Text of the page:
A cultural awakening in the ‘Wan-Li Era’

The China Post
Date: November 23, 2016
By: Chris Chang

TAIPEI, Taiwan — Ancient China not only saw profound cultural developments within its borders, but

Writing in Cursive Script after Drunk (醉後浪書) by Fu Shan (傅山) (Courtesy of Kaohsiung Museum of Fine Arts)

Writing in Cursive Script after Drunk (醉後浪書) by Fu Shan (傅山) (Courtesy of Kaohsiung Museum of Fine Arts)

also influenced the varied nations that surrounded it, especially during the Wan-Li Era (萬曆) of the Ming Dynasty (明朝) — from the 16th century to the early 17th century. Many of these influences are still visible in the present day.

For instance, if you take a closer look at Korea’s thousand-won note, you will see the characters “ming lun yang” (明倫堂) imprinted on the drawing of Sungkyunkwan (成均館). This writing is the work of Chu Chih-fan (朱之蕃), a famous Chinese calligrapher, painter and politician in the Wan-Li Era, and was bestowed as a gift to the Kingdom of Joseon at the time.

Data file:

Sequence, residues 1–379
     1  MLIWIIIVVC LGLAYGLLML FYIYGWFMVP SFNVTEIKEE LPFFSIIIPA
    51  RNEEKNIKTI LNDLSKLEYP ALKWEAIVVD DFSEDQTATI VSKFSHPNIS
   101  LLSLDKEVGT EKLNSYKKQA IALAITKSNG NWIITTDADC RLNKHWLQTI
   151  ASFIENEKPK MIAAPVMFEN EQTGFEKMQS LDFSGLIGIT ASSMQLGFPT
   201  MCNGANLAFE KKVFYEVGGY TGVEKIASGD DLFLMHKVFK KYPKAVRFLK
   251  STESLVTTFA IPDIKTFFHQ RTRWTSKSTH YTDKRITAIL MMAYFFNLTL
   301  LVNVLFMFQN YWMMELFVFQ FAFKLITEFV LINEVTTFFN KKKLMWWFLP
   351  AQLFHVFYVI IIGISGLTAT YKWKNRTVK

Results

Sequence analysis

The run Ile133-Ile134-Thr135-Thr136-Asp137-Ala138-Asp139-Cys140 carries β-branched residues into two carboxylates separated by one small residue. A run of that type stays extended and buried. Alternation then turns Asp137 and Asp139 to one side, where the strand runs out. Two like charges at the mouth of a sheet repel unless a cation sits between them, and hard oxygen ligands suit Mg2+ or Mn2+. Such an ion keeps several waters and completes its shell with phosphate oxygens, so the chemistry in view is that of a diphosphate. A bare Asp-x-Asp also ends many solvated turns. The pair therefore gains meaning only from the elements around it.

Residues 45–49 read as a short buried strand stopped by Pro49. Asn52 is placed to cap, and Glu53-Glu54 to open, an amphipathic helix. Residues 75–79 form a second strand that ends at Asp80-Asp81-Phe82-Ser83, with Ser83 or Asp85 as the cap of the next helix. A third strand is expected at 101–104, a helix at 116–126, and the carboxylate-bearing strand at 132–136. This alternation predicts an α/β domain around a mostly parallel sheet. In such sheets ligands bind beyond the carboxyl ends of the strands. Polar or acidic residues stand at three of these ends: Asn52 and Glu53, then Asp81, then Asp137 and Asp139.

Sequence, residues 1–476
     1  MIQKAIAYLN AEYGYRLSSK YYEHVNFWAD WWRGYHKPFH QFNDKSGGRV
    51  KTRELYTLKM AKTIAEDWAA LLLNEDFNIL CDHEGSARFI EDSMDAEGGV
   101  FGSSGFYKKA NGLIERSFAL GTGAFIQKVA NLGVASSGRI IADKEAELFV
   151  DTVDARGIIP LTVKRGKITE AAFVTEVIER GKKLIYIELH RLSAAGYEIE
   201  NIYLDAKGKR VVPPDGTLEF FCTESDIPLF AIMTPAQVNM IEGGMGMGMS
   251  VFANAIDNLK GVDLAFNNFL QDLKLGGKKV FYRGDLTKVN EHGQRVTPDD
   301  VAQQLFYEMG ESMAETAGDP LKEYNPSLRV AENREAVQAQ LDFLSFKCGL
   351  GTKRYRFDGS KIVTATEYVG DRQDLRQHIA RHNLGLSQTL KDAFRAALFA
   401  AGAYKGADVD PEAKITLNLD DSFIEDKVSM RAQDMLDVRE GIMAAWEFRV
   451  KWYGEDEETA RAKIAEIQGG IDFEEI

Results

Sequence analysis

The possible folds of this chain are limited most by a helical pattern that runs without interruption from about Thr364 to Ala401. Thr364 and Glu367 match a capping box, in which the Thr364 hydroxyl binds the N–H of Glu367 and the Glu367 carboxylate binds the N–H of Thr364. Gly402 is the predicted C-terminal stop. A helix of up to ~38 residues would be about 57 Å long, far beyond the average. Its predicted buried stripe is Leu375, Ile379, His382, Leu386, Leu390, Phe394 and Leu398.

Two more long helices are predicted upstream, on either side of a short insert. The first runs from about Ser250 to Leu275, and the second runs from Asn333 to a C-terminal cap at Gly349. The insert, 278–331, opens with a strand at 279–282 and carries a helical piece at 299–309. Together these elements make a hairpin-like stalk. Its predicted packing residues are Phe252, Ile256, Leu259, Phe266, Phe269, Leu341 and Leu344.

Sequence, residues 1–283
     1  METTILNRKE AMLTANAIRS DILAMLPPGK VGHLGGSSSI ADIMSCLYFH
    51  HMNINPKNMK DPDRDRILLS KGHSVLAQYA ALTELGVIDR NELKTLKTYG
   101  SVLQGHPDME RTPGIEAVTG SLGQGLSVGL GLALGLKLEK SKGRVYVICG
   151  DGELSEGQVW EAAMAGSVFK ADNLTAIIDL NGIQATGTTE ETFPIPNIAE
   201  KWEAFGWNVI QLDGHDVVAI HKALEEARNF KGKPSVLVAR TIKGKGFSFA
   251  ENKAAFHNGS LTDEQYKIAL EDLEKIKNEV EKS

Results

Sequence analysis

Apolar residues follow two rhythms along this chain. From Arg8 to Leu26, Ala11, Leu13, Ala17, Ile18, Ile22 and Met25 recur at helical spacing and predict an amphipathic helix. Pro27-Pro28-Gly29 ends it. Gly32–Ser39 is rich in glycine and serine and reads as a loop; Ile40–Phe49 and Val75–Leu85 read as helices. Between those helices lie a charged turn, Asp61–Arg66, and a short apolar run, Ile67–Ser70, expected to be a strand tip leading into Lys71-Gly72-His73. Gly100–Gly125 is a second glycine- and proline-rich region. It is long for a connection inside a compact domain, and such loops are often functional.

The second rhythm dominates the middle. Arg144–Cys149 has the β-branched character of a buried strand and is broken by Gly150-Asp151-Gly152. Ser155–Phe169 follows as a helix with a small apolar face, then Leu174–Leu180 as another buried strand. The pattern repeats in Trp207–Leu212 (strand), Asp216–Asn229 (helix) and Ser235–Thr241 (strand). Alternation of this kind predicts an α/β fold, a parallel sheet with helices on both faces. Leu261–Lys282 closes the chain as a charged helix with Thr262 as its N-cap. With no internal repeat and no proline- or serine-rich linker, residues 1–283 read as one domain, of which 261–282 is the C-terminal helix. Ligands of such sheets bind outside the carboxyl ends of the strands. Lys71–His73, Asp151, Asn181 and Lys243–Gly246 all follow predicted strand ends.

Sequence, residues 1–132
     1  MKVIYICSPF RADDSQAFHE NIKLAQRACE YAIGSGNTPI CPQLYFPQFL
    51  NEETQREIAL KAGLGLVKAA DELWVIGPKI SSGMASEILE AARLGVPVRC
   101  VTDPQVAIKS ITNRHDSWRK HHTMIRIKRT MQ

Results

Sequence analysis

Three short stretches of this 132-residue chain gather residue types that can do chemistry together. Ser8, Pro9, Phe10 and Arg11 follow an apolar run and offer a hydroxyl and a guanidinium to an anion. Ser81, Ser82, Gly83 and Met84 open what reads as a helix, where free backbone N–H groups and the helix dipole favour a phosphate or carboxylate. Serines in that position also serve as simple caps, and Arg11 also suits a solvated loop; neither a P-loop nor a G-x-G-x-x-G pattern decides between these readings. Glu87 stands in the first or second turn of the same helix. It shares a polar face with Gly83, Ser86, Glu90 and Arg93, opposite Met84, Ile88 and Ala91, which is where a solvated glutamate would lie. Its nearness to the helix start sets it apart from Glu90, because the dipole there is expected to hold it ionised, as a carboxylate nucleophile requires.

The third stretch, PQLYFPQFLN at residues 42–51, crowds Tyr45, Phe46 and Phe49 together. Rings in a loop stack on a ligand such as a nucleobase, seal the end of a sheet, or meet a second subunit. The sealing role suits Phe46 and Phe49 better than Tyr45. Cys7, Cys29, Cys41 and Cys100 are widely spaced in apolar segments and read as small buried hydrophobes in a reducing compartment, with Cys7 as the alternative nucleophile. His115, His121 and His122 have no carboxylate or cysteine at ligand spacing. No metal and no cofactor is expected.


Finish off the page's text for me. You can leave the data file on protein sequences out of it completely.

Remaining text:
Described as one of the most prominent Ming Dynasty figures, Wang Yangming (王陽明), a Chinese idealist, neo-Confucian philosopher and military general, also had a significant impact on the values, thinking and moral conduct of people in Japan.

Co-hosted by the Kaohsiung Museum of Fine Arts (高雄市立美術館) and the HCS Calligraphy Foundation (何創時書法藝術基金會), the “Wan-Li’s Era of Talent and Elegance” (萬曆萬象—多元.開放.創意的晚明文化) exhibition takes place from now through Mar. 12, 2017. It not only contains Wang’s calligraphy and painting works under the theme “Cultural Giants Who Influenced Japanese and Korean Cultures” (影響日韓的明人), but is also host to 110 precious masterpieces by distinguished cultural and artistic figures from the same period, illustrating the national power, literary refinement and artistic sophistication of the Wan-Li Era.

On display under the themes of “Outstanding Governmental Officials” (治國能臣), “Great Military Strategists” (軍事), “Science & Technology Masters” (科學大師), “Great Thinkers” (思想大師), “Eminent Monks” (高僧), “Masters of Arts and Cultures” (文藝), “Calligraphy Masters” (書法), “Painting Masters” (繪畫) and “Talented People in Life Aesthetics” (生活美學), are works by Li Shizhen (李時珍), pharmacologist and author of “Compendium of Materia Medica” (本草綱目); Xu Xiake (徐霞客), travel writer and geographer; Zhang Juzheng (張居正), reformer and grand secretariat of the Ming Dynasty; Tang Xianzu (湯顯祖), playwright and author of “The Peony Pavilion” (牡丹亭) and many more.    [SOURCE]

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